All is Dream A Midsummer Night’s Dream. June 2008. Globe Theatre, London.

For anyone who has never been to the Globe reconstruction, it is a many splendid thing. When you go in for the first time, the usual reaction is ‘wow’. There are colours and an abundance of Renaissance style decoration covering the stage. It is quite imposing.

Traditionally this has been something of a disadvantage for the place, often being described as ‘tourist theatre’. I think it maybe a peculiarly English insult to call someone a tourist, but maybe I am wrong. Anyway, the Globe as tourist theatre meant traditionally it has received pretty dodgy reviews.

Things seem to have been on the up recently though with some critics duly swallowing humble pie and getting their act together. As it is I have always loved the Globe, not for the hey nonny nonny quality it has necessarily, but for the intimacy and engagement you get with the action as it unfolds. It is difficult not to feel involved when Macbeth, or Othello, or Titus, or Margaret, or any other character you care to mention, are talking to YOU, directly.

So with a merry heart I got in the queue for A Midsummer Night’s Dream, quite willing to spend three hours standing up in the sunshine. Pleasingly I was not disappointed.

Traditionally I prefer tragedies and histories in regard to Shakespeare but am slowly coming round to the comedies as well. This was a very funny production as well as being visually quite stunning. The stage was smothered in blues and blacks, which became more vivid hues of ultramarine as the action moved into the chaotic world of the woods. Crimson and Fuchsia coloured flowers appeared and costumes gradually melted away from severe, restrictive blacks into flowing peaches, lilacs, golds and chartreuses.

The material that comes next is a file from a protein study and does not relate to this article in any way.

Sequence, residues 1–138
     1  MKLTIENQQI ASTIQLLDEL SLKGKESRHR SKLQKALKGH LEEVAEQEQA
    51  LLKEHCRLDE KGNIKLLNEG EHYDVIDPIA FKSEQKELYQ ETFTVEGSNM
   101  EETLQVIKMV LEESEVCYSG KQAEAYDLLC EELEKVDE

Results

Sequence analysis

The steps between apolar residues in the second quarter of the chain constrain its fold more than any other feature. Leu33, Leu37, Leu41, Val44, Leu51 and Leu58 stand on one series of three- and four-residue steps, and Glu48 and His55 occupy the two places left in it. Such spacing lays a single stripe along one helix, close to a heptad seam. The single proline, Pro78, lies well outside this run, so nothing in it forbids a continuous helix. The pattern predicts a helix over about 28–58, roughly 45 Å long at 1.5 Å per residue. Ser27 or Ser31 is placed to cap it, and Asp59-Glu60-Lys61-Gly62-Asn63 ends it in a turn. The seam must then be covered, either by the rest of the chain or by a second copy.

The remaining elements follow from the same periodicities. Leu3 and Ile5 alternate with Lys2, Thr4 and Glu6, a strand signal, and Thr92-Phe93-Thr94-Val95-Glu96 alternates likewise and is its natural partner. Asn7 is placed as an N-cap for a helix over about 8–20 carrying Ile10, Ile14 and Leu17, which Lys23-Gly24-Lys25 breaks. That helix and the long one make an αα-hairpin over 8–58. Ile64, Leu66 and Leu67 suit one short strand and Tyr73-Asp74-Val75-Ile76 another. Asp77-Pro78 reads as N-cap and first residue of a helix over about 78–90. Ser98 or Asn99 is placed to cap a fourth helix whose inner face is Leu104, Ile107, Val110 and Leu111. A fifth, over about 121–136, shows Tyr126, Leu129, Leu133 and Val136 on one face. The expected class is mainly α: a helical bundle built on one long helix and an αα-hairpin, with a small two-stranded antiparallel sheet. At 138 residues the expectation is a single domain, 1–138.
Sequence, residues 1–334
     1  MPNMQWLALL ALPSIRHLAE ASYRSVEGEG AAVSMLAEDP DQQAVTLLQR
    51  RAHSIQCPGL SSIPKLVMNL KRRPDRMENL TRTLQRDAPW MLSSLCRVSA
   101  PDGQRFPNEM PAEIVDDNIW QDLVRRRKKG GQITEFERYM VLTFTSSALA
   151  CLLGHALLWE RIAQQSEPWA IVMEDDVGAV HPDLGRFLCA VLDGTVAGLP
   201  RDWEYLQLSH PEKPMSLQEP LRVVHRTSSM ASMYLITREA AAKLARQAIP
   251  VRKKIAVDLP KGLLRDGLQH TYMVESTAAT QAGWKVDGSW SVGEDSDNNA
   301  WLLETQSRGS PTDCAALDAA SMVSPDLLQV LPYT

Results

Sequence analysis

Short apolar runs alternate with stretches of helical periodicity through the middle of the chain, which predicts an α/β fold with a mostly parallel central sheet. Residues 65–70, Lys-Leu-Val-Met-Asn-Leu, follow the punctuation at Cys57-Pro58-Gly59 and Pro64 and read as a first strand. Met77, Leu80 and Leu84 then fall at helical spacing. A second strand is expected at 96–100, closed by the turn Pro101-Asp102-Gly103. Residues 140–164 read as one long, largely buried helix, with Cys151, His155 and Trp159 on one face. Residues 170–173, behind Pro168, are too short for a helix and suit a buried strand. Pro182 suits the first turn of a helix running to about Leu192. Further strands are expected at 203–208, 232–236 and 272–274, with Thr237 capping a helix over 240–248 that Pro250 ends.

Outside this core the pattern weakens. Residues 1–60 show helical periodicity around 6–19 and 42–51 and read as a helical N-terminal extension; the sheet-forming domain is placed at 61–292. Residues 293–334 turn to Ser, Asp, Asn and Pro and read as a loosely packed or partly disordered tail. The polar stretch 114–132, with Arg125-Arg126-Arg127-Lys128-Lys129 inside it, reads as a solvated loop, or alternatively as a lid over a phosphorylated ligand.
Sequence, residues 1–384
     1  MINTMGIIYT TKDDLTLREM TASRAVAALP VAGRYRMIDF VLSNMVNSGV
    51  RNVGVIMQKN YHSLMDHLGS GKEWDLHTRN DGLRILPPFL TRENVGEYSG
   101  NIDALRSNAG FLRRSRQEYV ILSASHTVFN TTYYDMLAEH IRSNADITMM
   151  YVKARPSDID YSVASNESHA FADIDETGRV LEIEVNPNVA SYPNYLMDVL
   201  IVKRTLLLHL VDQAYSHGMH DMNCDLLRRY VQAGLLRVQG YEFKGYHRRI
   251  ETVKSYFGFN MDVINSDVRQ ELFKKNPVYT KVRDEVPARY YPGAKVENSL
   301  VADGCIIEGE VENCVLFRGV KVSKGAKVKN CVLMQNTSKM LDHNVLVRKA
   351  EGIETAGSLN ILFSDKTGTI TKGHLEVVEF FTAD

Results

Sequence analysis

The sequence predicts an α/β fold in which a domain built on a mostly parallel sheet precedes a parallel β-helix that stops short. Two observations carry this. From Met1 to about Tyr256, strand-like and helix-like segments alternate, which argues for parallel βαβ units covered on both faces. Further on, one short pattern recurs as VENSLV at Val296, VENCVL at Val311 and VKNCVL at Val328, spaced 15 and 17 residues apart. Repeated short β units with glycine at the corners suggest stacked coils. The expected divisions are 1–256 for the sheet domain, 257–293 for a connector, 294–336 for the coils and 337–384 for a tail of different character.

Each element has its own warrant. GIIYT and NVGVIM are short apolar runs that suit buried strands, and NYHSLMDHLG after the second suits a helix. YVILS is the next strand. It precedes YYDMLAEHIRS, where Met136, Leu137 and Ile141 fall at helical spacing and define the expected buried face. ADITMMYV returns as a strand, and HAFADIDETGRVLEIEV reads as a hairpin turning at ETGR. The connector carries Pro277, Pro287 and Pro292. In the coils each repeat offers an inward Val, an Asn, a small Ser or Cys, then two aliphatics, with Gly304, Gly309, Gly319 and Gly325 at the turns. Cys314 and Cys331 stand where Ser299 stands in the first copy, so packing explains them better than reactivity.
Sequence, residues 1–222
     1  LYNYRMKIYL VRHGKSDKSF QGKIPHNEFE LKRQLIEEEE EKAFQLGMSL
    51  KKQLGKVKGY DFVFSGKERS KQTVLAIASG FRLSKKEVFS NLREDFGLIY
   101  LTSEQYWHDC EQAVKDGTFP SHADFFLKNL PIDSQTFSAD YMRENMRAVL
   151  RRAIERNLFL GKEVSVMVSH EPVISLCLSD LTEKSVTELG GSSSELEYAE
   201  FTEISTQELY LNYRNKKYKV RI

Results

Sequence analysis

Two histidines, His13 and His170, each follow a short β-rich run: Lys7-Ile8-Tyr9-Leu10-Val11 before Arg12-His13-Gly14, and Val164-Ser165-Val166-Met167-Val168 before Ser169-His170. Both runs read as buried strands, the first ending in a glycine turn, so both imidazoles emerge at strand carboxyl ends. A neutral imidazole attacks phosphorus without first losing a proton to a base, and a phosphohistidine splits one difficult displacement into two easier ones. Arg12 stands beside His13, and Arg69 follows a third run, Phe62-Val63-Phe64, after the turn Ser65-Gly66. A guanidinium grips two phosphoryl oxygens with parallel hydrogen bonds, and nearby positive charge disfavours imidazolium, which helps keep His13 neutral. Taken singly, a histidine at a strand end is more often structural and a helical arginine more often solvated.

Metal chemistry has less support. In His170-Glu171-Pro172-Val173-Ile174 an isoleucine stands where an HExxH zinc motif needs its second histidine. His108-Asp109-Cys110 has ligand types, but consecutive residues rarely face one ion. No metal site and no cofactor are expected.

Stand out performance for me was by Laura Rogers who played Helena. She managed to convey the sense of Helena’s entrapment and distress by her rejected love, and had excellent comic timing.

The doubling of Titania/Oberon and Theseus/Hippolyta was also an interesting choice, highlighted further by the use of regional accents in the spaces beyond the court.

For me, as always, the final performance of Pyramus and Thisbe was a highlight. Paul Hunter’s superbly overdone death scene lasted for about 5 minutes as he managed to rally, then succumb repeatedly. It was as over the top as it should have been and very very funny.

It took me a while to enjoy the performance of Michael Jibson as Puck, but I put this down to my last experience of Puck being performed by the mighty Jon Slinger. Once I got past this though, I still had a couple of reservations. It was an entraining performance, reminiscent of the old style Northern music hall performers, and whilst funny I was not always sure what to make of him. Mischievous sprite of slightly vicious? To be honest I am still not sure, but as this was early on in the run I suspect the role may have developed more now.

Still this was an entertaining production with some assured and confident performances, particularly from Tom Mannion (Oberon) and Siobhan Redmond (Titania) and would gladly stand and watch it again.


Popular Posts